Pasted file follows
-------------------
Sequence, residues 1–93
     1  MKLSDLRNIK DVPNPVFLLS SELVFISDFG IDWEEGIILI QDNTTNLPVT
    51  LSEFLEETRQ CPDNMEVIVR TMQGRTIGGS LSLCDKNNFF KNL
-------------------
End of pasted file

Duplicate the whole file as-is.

Sequence, residues 1–93
     1  MKLSDLRNIK DVPNPVFLLS SELVFISDFG IDWEEGIILI QDNTTNLPVT
    51  LSEFLEETRQ CPDNMEVIVR TMQGRTIGGS LSLCDKNNFF KNL